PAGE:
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I also know how hard it is to be so limited by what your body will tolerate. I'm in the same boat right now. I stopped gluten months ago, but have developed more intolerances since. I can only eat fruit, veg, nuts, and beans, that's it! Everything else makes me sick. I realize now I will have to wait at least 6 months before I try to add any other foods back in.

Just know that you will get better! It will take time, but it's amazing how strong you can get with time and learn to endure. You are basically in boot camp right now, and the rewards will be feeling good again, better than you did before even. I have some really good days, and that's when I see what I have to look forward to. It's hard when the worst days come. You may feel like you are on a rollercoaster at times. Good days and bad days. That's normal.

I recommend keeping track of any dates you make changes to your diet and your symptoms on a calendar, so you can look back and see your progress. If I hadn't, I never would have realized how far I've come. It all starts to blur together, and seem like it's taking longer than it really is, especially with the brain fog aspect of it.

You'll learn a lot from everyone on this site, and find more and more tools to put in your bag of tricks. In the meantime, vent away! Don't give up though, or you'll just lose time and be back here at the beginning again. It may not feel like it, but you're healing already! It does get better.

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Please understand..."scrapping the diet" is not an option. If you return to eating gluten, you will become very ill and likely develop lymphoma. Your life depends on this being a permanent change.

That said, I know it must be very frustrating to feel worse now. I got huge relief after my dx and going gluten-free, but my daughter is more like you. A year and a half later, we are still struggling to nail it down, and she has more bad days than good. But there is no other option but to keep trying. Knowing the difference being gluten-free made in my life makes me work harder for her because I know what a properly functioning body feels like now! Feeling good is SO great, and I really believe it is attainable for you. I wish I had more specific advice, but you already received that. Just know you aren't alone and that you have found a great group of people to support you through this!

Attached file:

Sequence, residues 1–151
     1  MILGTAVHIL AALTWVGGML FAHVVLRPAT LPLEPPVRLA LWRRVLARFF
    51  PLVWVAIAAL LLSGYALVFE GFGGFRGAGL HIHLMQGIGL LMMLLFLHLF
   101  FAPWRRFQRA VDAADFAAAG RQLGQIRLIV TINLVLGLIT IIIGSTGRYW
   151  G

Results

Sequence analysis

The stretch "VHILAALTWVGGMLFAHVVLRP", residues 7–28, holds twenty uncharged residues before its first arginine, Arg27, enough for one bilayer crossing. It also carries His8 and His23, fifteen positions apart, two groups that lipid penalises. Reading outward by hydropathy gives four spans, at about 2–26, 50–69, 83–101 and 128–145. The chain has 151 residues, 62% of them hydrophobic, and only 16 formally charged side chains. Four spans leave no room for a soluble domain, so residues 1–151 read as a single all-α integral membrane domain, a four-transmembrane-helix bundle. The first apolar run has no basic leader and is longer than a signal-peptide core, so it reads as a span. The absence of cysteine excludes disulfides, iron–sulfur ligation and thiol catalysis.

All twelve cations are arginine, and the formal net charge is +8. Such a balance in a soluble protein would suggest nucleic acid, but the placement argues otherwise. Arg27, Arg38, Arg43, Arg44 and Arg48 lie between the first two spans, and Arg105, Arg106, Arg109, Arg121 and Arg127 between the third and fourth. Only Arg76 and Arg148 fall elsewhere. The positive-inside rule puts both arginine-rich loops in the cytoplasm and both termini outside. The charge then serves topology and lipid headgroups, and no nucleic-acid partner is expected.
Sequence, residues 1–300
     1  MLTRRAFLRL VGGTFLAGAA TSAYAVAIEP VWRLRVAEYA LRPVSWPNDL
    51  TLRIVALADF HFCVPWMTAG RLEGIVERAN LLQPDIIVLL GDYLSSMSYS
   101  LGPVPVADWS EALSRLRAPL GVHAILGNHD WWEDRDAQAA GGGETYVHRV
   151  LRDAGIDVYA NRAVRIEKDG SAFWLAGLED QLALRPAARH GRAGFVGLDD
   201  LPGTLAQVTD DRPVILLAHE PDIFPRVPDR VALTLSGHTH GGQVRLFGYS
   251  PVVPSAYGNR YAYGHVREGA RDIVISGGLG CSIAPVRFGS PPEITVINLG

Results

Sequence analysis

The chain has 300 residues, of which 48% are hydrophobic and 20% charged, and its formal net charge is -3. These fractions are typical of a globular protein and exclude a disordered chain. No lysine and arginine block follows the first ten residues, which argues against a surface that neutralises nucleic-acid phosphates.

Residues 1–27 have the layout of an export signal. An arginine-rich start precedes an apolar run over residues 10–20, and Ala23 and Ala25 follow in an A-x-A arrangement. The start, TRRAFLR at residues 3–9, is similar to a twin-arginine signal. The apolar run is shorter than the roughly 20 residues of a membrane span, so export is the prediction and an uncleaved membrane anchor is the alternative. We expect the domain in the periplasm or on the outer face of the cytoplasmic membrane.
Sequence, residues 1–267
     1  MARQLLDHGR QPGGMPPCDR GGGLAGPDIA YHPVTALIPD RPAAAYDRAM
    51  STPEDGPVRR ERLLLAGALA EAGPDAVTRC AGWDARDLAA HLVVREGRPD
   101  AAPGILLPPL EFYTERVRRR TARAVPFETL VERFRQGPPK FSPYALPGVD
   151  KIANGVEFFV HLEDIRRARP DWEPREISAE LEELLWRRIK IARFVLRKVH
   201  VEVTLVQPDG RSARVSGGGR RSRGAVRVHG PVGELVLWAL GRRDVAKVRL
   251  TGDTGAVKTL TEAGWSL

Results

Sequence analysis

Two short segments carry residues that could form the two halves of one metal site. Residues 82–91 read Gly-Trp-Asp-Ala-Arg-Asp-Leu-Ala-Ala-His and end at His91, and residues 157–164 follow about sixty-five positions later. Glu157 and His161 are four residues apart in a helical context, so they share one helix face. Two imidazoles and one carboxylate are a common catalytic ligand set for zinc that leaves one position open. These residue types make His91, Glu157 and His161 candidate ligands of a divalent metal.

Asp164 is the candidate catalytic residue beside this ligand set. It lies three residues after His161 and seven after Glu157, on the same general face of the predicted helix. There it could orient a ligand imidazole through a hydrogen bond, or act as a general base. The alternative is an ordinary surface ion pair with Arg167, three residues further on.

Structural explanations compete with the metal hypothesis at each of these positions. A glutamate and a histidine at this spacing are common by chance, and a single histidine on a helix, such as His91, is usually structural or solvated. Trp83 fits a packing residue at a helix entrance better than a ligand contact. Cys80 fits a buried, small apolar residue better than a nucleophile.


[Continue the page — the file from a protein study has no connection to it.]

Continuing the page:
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Hi Kam,

Some people do get the ability to eat certain foods back. Dairy is a common one. Celiac destroys the villi lining the small intestine that make the lactase enzyme that digests dairy sugar (lactose). So after you heal it is possible that enzyme will be produced again and dairy will be ok. Some of us develop a reaction to casein,the protein in dairy. and that tends not to go away.

Often enough it seems like the gut is reacting to a whole lot of foods, when it may just be that it is inflamed and reacts when anything hits it. Those kinds of reations can decrease or go away with time and healing. Some studies show healing can take up to 18 months. But healing will be slowed if you are eating foods that case a reactions. So it is good to really simplify your diet for a while to prevent irritating your gut. There is nothing wrong with meats, nuts, and veggies for a diet. Those are all good food. The trick is that someitme sour bodies develop intolerances to certain foods and even good foods can be a problem. So an eliminaiton diet may be needed if things don't get better in 6 months.

Scrapping the gluten-free diet is a bad idea and you can see why by reading the cheating thread. Yes, some people have done it and they paid a heavy price for doing so.

Some starting the gluten-free diet tips for the first 6 months:

Get tested before starting the gluten-free diet.

Don't eat in restaurants

Eat only whole foods not processed foods.

Eat only food you cook yourself, think simple foods, not gourmet meals.

Take probiotics.

Take digestive enzymes.

Avoid dairy.

Avoid sugars and starchy foods.

Avoid alcohol.

FAQ Celiac com

http://www.celiac.com/gluten-free/forum-7/announcement-3-frequently-asked-questions-about-celiac-disease/

Newbie Info 101

What's For Breakfast Today?

What Did You Have For Lunch Today?

What Are You Cooking Tonight?

Dessert thread

Easy yummy bread in minutes

How bad is cheating?

Short temper thread

Non celiac wheat sensitivity article

http://www.nature.com/ajg/journal/vaop/ncurrent/full/ajg2012236a.html

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So my questions for any who have had a similar experience:

1) Are new intolerances ever temporary? Because this low FODMAP stuff is for the birds.

2) Has anyone ever found their problems that developed after going gluten-free to be so much more burdensome that they just scrapped the diet?

3) Any hints or ideas for things to explore / possibly provide relief are so appreciated.

Sorry to be so lengthy (and whiny).

Venting I get I do it my self, whiny you are "talking " to the queen of whiny :P Giving up is not an option.

1) yes, I have added back many things I was intolerance of including

eggs,dairy,limited nightshades just to mention a couple .